The operating room is a chaotic place. Even during routine procedures that pose few risks, surgeons are essentially racing against the clock to ensure they complete everything before the anesthesia has worn off or complications arise.

Doctors need to be cautious of moving too fast in the OR, though, because rushing through a procedure can also cause complications. For example, surgeons who do not make precise incisions can puncture an organ or damage nearby nerves. Likewise, those who race to complete a procedure as quickly as possible—which is often necessary in emergency scenarios—can fail to account for every sponge, scalpel, towel, clamp, scope, or mask that their surgical team uses.

Retained surgical bodies (RSBs) refer to medical equipment that healthcare providers mistakenly leave inside patients after completing an operation. Experts estimate that RSBs are fairly common, with approximately 1,500 cases occurring in the United States annually.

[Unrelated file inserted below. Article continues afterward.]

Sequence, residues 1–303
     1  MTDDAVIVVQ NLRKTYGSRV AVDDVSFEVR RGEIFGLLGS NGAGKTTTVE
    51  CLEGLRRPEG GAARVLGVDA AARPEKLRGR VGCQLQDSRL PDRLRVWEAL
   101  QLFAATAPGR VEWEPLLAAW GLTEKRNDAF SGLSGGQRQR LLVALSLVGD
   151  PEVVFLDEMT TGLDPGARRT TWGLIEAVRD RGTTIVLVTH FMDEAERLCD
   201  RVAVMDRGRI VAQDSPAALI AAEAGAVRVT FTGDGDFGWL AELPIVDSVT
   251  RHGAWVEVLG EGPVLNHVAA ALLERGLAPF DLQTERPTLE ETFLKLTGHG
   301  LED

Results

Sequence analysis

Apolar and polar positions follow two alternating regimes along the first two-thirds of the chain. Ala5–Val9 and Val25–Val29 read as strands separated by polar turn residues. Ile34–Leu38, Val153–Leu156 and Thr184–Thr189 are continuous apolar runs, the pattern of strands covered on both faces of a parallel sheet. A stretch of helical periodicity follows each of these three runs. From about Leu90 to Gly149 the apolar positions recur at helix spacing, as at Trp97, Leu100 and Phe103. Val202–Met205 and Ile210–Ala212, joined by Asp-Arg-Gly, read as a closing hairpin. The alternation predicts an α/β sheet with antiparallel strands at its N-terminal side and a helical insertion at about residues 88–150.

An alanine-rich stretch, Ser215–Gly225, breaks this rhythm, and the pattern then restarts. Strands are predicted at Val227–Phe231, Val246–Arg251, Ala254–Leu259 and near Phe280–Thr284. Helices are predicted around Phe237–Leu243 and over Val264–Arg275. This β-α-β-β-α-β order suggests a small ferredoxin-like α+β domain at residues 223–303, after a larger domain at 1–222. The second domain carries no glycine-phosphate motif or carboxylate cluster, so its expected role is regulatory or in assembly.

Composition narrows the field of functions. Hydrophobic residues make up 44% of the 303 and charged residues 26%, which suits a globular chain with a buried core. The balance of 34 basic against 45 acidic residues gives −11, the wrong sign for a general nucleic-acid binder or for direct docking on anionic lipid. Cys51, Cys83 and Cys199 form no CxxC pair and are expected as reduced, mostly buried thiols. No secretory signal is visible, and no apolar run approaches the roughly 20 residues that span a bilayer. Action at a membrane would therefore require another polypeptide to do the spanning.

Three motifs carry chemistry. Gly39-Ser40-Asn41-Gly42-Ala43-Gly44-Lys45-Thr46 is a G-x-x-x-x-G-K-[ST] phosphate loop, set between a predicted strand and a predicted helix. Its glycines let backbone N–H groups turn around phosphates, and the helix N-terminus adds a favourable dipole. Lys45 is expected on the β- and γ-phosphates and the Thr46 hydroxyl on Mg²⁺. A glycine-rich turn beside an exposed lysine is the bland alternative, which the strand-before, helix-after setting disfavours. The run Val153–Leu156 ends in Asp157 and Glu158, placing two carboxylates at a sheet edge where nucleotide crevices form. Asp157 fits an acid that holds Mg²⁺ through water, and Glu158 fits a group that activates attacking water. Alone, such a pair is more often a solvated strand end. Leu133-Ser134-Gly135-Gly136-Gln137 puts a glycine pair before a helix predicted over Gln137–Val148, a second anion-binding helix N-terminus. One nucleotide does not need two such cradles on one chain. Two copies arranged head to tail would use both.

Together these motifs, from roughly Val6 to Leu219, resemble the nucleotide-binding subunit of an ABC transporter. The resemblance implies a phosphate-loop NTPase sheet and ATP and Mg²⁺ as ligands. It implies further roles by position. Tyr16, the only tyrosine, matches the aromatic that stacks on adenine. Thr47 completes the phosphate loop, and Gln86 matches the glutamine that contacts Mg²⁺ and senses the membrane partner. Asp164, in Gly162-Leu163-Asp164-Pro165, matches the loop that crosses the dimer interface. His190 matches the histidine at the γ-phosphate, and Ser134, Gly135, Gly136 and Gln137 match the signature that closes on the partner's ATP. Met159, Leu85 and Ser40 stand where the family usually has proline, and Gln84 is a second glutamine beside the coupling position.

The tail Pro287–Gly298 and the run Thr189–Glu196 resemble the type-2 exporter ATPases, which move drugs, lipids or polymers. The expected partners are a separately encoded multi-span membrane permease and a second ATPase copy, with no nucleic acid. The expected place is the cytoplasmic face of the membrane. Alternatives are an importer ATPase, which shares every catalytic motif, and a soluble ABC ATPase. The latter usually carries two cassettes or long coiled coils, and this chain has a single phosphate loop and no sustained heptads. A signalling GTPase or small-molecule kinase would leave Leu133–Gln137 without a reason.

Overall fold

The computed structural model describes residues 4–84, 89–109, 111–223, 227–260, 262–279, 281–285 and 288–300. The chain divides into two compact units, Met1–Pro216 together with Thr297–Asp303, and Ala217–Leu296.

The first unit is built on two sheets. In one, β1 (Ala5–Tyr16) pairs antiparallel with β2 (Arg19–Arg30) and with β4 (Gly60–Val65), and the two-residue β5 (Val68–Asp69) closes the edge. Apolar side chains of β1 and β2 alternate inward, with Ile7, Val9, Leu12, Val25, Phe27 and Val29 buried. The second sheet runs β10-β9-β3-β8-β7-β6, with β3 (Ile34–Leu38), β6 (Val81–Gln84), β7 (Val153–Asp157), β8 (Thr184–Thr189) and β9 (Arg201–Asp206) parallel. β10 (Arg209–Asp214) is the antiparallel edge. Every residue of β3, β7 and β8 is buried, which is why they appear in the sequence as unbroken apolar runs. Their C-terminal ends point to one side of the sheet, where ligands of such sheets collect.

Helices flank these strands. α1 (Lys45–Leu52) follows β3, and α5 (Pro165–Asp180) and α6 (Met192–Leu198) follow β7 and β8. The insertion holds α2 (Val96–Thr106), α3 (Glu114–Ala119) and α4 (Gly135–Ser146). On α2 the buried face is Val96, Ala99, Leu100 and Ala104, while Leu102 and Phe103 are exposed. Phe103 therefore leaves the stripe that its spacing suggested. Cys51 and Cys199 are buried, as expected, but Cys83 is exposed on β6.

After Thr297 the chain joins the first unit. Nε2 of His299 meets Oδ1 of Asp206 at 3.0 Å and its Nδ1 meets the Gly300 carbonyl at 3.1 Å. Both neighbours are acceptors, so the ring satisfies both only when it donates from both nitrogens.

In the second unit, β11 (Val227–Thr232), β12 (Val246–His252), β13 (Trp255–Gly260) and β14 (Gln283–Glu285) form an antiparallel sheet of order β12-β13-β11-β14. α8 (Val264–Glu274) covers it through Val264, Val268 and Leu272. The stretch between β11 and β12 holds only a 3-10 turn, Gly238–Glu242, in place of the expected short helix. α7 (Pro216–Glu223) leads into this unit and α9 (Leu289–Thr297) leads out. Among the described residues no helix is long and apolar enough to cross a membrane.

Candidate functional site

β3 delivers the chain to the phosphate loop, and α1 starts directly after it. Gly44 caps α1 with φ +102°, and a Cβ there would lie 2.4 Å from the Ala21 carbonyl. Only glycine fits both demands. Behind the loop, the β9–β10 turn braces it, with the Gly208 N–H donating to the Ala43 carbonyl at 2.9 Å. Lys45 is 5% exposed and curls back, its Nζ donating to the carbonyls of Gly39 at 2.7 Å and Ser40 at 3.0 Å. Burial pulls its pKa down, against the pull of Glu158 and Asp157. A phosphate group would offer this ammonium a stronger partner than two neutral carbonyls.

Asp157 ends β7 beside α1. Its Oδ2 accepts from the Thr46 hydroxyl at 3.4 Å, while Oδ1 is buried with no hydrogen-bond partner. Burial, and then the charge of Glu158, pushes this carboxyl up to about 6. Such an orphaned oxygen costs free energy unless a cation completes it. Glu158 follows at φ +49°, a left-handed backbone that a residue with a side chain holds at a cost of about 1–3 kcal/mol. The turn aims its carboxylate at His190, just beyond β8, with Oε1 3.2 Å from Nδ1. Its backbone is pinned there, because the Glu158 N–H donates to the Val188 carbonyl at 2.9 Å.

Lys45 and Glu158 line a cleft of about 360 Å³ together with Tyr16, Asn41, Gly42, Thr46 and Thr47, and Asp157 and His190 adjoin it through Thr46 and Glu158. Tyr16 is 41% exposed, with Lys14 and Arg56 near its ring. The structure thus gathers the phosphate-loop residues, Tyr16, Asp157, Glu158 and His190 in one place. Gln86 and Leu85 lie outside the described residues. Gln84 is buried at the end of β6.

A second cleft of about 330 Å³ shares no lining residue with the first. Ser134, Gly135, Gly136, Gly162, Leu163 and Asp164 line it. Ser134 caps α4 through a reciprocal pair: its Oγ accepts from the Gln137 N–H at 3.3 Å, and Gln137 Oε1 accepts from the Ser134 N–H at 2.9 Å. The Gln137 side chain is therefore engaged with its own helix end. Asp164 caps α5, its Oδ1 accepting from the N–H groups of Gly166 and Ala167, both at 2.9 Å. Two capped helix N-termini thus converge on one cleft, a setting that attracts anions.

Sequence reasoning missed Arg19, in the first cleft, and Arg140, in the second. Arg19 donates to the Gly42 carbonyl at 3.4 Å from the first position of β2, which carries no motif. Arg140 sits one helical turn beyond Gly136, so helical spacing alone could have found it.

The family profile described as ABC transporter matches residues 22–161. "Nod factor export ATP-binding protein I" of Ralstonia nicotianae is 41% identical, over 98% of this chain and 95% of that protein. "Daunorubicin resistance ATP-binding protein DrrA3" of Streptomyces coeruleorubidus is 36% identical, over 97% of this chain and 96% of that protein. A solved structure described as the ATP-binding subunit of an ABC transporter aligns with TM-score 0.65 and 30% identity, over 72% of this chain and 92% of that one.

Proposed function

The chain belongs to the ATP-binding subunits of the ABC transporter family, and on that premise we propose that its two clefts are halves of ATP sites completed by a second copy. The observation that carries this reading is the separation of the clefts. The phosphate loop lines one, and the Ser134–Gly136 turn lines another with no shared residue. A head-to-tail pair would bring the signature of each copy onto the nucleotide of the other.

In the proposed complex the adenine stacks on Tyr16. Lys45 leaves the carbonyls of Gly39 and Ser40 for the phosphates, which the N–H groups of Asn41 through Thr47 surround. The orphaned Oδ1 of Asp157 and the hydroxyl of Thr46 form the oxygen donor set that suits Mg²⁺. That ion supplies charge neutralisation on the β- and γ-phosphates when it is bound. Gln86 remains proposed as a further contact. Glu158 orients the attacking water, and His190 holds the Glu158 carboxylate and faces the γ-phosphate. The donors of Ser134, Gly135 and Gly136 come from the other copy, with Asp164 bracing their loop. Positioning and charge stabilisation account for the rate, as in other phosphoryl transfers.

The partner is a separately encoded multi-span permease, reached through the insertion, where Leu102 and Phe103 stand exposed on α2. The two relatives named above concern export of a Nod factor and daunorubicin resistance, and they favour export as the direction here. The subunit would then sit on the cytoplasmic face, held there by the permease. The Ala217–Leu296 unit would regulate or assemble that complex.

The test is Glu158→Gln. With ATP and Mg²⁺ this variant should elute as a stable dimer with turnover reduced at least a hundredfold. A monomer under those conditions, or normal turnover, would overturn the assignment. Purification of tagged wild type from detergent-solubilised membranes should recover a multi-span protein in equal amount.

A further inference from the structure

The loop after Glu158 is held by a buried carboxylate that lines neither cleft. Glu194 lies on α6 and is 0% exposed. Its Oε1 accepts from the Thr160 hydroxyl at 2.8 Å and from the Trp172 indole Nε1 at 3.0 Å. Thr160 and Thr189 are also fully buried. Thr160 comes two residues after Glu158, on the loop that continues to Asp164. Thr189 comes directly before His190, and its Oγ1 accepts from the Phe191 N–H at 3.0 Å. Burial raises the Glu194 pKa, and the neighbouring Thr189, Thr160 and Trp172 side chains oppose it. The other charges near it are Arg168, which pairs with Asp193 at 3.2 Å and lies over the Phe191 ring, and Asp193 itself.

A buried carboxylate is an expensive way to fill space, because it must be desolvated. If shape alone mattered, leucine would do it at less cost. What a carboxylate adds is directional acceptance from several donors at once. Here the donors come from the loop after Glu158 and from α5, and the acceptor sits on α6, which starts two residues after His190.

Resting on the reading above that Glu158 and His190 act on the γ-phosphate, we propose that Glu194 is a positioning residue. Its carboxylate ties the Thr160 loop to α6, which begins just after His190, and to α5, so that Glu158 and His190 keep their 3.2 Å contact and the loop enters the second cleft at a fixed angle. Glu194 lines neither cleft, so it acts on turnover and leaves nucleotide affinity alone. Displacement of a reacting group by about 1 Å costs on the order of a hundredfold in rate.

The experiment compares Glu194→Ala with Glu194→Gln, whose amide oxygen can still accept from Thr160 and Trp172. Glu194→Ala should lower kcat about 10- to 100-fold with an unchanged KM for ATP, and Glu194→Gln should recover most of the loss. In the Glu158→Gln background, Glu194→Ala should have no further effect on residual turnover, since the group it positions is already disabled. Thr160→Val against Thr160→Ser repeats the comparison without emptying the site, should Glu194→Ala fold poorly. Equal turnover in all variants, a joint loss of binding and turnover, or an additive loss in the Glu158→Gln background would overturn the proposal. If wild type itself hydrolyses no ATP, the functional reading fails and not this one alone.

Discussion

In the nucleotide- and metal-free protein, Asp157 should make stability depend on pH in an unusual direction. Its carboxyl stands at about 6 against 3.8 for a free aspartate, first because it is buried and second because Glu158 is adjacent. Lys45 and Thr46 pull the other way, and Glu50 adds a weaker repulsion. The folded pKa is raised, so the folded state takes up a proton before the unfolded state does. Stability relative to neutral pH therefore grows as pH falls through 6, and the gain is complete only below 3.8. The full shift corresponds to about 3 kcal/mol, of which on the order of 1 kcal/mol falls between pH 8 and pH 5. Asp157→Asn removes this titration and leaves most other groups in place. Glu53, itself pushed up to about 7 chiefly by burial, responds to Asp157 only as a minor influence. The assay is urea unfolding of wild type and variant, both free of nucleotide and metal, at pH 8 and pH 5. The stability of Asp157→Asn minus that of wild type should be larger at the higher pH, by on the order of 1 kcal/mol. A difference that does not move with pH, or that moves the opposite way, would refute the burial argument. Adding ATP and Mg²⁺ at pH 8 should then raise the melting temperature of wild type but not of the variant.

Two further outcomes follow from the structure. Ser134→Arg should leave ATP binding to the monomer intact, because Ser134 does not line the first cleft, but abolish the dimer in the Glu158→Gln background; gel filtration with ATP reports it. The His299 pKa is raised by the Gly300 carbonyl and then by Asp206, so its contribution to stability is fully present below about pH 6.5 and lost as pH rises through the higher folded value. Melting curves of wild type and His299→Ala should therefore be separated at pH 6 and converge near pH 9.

If you are being sued over an RSB, it is important that you start planning your defense immediately. The medical malpractice defense lawyers at Lubell Rosen will prepare your case as if it is going to trial, even if a dismissal or settlement is the expected outcome. Call (954) 880-9500 to schedule a consultation.

Common Defenses Against Medical Malpractice Claims Involving RSBs

Unfortunately, it is possible for even the most attentive and experienced surgical teams to leave a foreign object inside a patient. Potential defenses against claims involving RSBs include:

1. Incompetent Staff Members

Surgeons typically rely on medical technicians or nurses to track every tool used during a procedure. If the designated party fails to account for one or more items due to a lack of training, the patient may still have a valid malpractice claim; however, it would not be against the doctor who performed the surgery. Instead, it might be against the facility and its administrators for failing to vet their employees adequately.

2. Unexpected Complications

If unanticipated complications arise during a procedure, the lead doctor may require every member of the surgical team to focus on stabilizing the patient, thus abandoning their other duties, which might include tracking equipment. In such a scenario, the patient’s records and testimony from both eyewitnesses and medical experts will contribute to the defense.

Call (954) 880-9500 to Speak with a Medical Malpractice Defense Attorney in Florida